Nancy's Notes, April 17
I just finished Jodi Picoult’s “Change of Heart”. It was probably my least favorite of her books and yet as always she puts several twists in the book that take you by surprise. Picoult always has a trial and a tragedy involved in her stories. This one had a tinge of Stephen King’s “Green Mile” in it.
Death row inmate Shay Bourne is fighting, not to be retried for his innocence, but to change his type of execution. Bourne was convicted of the murder of a young girl and her step-father while he was working construction in their home. The child’s pregnant mother was not home at the time and later gives birth to another girl. That child develops a heart condition and needs a heart transplant. Bourne seeks redemption by offering his heart to the child. He is scheduled to die by a lethal injection which will make his organs unusable for transplant. A lawyer for the ACLU volunteers to fight for his right to choose his style of execution so his heart can be used for transplant. In order to do so they site his religious beliefs. Bourne is an agnostic who has inadvertently caused several miracles to take place in his prison tier. He soon finds himself in the limelight as others profess he is the messiah.
What I found rather hard to follow were her references on religion used in the trial. They made reference several times to the “The Gnostic Gospels” and Gospel of Thomas. I was not familiar with either and the quotes were sometimes hard for me to decipher. I hope this peaks your interest and does not discourage you from reading the book.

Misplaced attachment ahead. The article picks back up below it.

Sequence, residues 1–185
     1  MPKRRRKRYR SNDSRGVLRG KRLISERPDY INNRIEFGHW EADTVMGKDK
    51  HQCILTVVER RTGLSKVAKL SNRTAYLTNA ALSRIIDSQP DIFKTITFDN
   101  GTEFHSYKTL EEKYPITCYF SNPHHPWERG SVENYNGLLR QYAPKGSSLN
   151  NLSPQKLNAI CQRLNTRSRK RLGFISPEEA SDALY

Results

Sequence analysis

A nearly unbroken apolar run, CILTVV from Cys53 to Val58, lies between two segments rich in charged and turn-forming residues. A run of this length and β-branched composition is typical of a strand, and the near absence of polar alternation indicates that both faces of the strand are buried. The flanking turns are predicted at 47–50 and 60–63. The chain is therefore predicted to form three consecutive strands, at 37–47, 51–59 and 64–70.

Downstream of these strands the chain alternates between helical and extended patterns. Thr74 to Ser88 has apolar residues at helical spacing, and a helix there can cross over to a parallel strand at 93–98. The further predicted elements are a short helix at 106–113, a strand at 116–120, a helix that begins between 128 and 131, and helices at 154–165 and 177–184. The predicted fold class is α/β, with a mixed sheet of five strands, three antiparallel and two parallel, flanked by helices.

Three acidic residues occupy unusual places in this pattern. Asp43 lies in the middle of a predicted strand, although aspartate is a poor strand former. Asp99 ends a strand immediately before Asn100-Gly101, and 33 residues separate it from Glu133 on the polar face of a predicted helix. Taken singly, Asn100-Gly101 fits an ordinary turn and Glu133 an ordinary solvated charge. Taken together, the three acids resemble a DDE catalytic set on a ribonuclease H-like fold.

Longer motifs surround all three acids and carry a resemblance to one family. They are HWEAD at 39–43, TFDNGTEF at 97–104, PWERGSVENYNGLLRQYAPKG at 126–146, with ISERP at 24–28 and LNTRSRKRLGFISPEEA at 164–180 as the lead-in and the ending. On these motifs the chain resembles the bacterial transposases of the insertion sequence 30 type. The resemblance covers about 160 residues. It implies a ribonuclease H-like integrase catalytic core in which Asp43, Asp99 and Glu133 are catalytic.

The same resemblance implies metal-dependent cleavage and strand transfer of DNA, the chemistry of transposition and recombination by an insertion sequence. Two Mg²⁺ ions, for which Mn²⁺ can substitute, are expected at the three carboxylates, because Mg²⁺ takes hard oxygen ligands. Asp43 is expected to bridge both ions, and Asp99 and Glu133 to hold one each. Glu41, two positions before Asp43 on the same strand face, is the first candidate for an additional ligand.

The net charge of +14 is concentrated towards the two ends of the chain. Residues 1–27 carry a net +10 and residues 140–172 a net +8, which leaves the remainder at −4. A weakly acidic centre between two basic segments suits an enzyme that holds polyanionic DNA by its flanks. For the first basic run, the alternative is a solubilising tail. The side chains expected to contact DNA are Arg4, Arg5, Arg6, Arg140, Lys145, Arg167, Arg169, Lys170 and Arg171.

I figured as long as I was writing about fiction pertaining to religion I’d throw in “Christ the Lord: the Road to Cana” by Anne Rice. She formerly wrote about vampires but now is in the second of her Christ the Lord series that is based on the Gospels. The story begins during the last winter before his baptism in the Jordan and concludes with the miracle at Cana.
Legends of a Virgin birth have surrounded Jesus for decades as he lived among those who come to the synagogue on the Sabbath. Those who know and love him find themselves waiting for some sign of the path he will eventually take. Readers will see him emerge from his baptism to confront his destiny. They will see what happens when he takes the water in stone jars and turns it to wine, when he is recognized as the anointed one and urged to call Israel to take up arms against Rome and follow him as the prophets foretold.
We now have the fourth installment of James Patterson’s Maximum Ride series. This is technically a young adult book but we also keep a copy upstairs for our adult readers. Maximum Ride, the heroine, is a perfectly normal teenager who just happens to be able to fly as the result of an out-of-control genetic experiment. Max and the five kids who share her ability, have been asked to aid a group of environmental scientists studying the effects of global warming. The expedition seems like a perfect combination of adventure, activism, and escape from the government forces that are watching the group all the time.
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